Compiling with ASIO

Hi all

I am compiling Audacity with ASIO support. Spent a few days on this right now, and while I get Audacity compiled successfully, it bombs out on launch - no error, no splashscreen, just exits. To be fair, I am not an expert Windows developer, but everything seems to be correct.

Does anyone have any advice, or a link to a compiled version that I can use - this is for a community project and I have no intention of distributing. It’s driving me NUTS! :imp:

We will need a lot more information on your compile process if you want help there. As for a link to a compiled version we may not help you out on that due to copyright-type restrictions. I am almost certain we can get you up and running with your own compiled version.

What OS and compiler are you using? Are you certain that you have compiled the appropriate wxWidgets libraries and that they are in the same folder as your Audacity.exe? How did you obtain your Audacity source code and, if you are getting it via SVN, what revision did you grab?

Thanks for the reply Edgar

I am compiling on Windows 7 64 bit, with MS Visual Studio 2013

I have built WXWidgets 2.8.12, and put the .DLLs in the same directory as Audacity

I used SVN to get Audacity 2.0.6

Just rebuilt everything and it bombs out - I guess I need to do a debug build?


Make sure that you build wxWidgets with MS VS 2013 - you must build the libraries and the executable with the same compiler. 2.0.6 is revision 13340 - make sure you check out that revision. There should be no advantage in a debug build as there is obviously something wrong in your environment. Make sure you are not trying to use the experimental wxWidgets wx3 configurations for Audacity.

My next suggestion would be to remove ASIO from the equation. If it was me, I would start from scratch: delete your current Audacity folder entirely; delete its configuration folder ( C:Users_YourUserName_AppDataRoamingAudacity - you will need to use your appropriate username); remove the ASIO path environmental variable; reboot Windows; check out revision 13340; compile; copy in appropriate wxWidgets libraries; test to see that Audacity.exe functions as expected.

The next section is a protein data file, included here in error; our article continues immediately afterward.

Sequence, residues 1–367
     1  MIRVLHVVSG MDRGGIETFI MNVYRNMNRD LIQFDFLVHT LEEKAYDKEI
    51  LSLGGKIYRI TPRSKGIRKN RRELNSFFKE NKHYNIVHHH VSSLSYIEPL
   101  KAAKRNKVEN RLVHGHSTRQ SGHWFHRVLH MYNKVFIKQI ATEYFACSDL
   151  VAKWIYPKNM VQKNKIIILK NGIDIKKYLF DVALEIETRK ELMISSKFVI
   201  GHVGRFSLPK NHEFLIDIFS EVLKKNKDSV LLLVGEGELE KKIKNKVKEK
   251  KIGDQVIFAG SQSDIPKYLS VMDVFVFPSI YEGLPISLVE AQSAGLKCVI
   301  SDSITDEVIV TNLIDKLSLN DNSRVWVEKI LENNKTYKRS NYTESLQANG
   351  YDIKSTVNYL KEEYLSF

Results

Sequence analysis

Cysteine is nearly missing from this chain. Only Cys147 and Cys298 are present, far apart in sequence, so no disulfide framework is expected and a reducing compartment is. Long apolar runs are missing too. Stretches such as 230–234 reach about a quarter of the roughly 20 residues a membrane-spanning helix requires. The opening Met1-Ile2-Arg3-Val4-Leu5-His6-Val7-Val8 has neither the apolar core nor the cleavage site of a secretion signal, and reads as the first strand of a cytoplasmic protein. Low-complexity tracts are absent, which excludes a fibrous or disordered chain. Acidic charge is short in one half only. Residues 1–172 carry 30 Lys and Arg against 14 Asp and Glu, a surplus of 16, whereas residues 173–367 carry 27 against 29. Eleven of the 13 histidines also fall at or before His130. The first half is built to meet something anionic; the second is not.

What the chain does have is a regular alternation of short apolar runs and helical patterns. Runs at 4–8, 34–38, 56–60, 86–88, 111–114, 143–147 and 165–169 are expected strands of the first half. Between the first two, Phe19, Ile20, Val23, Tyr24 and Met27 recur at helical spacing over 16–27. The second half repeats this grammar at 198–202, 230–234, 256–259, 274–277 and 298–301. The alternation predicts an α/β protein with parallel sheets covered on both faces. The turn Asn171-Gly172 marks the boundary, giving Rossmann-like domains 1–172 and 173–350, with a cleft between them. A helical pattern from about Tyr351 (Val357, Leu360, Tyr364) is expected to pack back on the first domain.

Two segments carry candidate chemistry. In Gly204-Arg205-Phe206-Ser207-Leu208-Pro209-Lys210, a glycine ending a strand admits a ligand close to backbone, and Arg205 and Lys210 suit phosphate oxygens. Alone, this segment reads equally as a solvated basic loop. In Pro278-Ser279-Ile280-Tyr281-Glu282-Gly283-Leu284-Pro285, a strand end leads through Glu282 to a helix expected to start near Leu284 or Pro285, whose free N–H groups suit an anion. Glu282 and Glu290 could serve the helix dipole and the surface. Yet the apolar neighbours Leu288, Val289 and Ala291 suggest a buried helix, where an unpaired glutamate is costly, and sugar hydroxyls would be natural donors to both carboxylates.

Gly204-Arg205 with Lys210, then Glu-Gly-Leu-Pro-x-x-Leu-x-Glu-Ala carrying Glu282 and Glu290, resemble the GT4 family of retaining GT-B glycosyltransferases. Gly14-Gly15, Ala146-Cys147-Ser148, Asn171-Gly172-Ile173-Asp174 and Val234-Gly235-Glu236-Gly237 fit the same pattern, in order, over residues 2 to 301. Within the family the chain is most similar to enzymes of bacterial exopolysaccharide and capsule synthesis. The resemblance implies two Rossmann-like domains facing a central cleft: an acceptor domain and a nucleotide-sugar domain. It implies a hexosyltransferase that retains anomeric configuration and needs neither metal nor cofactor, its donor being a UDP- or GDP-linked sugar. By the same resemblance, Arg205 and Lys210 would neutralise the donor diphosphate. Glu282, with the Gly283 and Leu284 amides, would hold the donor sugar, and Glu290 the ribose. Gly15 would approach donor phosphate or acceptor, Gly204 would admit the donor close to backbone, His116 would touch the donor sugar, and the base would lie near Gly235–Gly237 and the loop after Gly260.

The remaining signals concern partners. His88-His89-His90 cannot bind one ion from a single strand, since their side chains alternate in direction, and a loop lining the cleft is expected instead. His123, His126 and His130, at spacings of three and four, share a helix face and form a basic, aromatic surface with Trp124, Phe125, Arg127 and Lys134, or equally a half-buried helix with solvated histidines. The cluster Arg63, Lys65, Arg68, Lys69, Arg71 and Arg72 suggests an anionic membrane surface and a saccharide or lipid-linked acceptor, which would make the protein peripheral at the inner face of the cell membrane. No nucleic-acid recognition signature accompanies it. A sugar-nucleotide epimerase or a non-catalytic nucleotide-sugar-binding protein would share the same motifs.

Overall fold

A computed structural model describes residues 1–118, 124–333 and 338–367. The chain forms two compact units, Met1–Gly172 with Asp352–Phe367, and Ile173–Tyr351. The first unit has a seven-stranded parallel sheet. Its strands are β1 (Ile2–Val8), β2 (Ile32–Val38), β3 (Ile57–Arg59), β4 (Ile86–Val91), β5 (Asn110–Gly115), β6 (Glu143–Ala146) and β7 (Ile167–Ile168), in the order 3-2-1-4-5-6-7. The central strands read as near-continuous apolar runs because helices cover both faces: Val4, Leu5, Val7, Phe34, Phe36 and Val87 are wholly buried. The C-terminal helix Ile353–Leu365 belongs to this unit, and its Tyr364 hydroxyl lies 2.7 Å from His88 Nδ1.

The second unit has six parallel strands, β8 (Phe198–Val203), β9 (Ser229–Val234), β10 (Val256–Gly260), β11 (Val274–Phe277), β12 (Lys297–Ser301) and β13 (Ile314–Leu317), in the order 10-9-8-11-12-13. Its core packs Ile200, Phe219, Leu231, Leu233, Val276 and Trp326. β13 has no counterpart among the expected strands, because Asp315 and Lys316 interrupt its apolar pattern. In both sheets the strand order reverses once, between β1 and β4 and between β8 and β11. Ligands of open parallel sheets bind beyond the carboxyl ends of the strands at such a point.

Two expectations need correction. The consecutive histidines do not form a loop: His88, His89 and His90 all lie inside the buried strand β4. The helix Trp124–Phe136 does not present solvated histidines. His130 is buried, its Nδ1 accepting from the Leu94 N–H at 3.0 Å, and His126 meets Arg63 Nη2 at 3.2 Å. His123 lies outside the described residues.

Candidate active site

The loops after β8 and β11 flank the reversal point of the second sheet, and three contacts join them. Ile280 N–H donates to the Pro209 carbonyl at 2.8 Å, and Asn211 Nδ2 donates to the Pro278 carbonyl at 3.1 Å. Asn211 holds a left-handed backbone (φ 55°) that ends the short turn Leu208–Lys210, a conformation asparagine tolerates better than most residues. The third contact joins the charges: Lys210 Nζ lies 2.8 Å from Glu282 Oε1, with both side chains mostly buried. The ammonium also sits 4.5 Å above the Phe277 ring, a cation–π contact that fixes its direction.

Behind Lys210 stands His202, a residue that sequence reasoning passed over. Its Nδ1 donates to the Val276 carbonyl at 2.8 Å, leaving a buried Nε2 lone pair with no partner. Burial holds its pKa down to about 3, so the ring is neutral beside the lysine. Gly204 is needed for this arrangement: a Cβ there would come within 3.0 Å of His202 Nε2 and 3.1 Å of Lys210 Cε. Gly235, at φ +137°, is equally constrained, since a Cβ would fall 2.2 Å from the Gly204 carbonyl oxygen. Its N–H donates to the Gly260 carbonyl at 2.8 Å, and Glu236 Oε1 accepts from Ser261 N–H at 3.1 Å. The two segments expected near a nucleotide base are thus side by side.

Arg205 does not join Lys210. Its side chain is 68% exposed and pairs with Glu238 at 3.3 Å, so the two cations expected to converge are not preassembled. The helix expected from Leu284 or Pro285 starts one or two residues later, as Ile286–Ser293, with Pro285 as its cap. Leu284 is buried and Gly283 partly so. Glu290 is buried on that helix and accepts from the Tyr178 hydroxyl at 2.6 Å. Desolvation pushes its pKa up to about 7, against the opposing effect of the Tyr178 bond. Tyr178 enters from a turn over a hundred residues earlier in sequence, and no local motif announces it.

Persevere - everyone who does eventually gets it working!

Thanks Edgar - I am doing all this now and will report back.


Hey Edgar - just wanted to confirm that I am building version, revision 13340? I assume the ASIO support doesn’t work with anything newer?


Hi Edgar

Followed everything you said, and the compile fails with MANY errors. The first set are all around allegro - didn’t know I had to install that too. At this point I have no idea what is going on, so I think I am going to give up and find another audio solution. Thanks for all your help.

Is there a reason that you can’t use Audacity without ASIO?

Revision 13340 is the current “stable” release (a new stable release is probably imminent). ASIO support does work in newer revisions but I strongly suggest that you await the next stable release to be on the safe side (the last few months of Development have seen some major changes).

Giving up is your call – I feel certain that we can get you compiling - I would be happy to keep helping.

I have read your posting about Compiling with ASIO. I have done it successfully with versions prior to 2.0.6 which gave me a lot of trouble and finally I gave up. Please read the threads below yours. I have communicated with Edgar many times. After I spent a lot of effort to no avail, he finally pointed out there could be problems with the code of 2.0.6 from the SVN. He mentioned a new version would be coming out very soon and should wait to try again. I hope this piece information is useful to you.

this is for a community project and I have no intention of distributing. It’s driving me NUTS! :imp:

Perhaps you should flash your “evil” smiley at Steinberg?

If it’s a community project it sounds like you might end up distributing ASIO-enabled builds of Audacity almost by definition.

Leaving that to one side, why do you need ASIO? Tell us what you’re trying to do with audio then we’ll tell if you if you even need ASIO for it. Often you don’t need ASIO if for example you buy a direct-monitoring USB interface.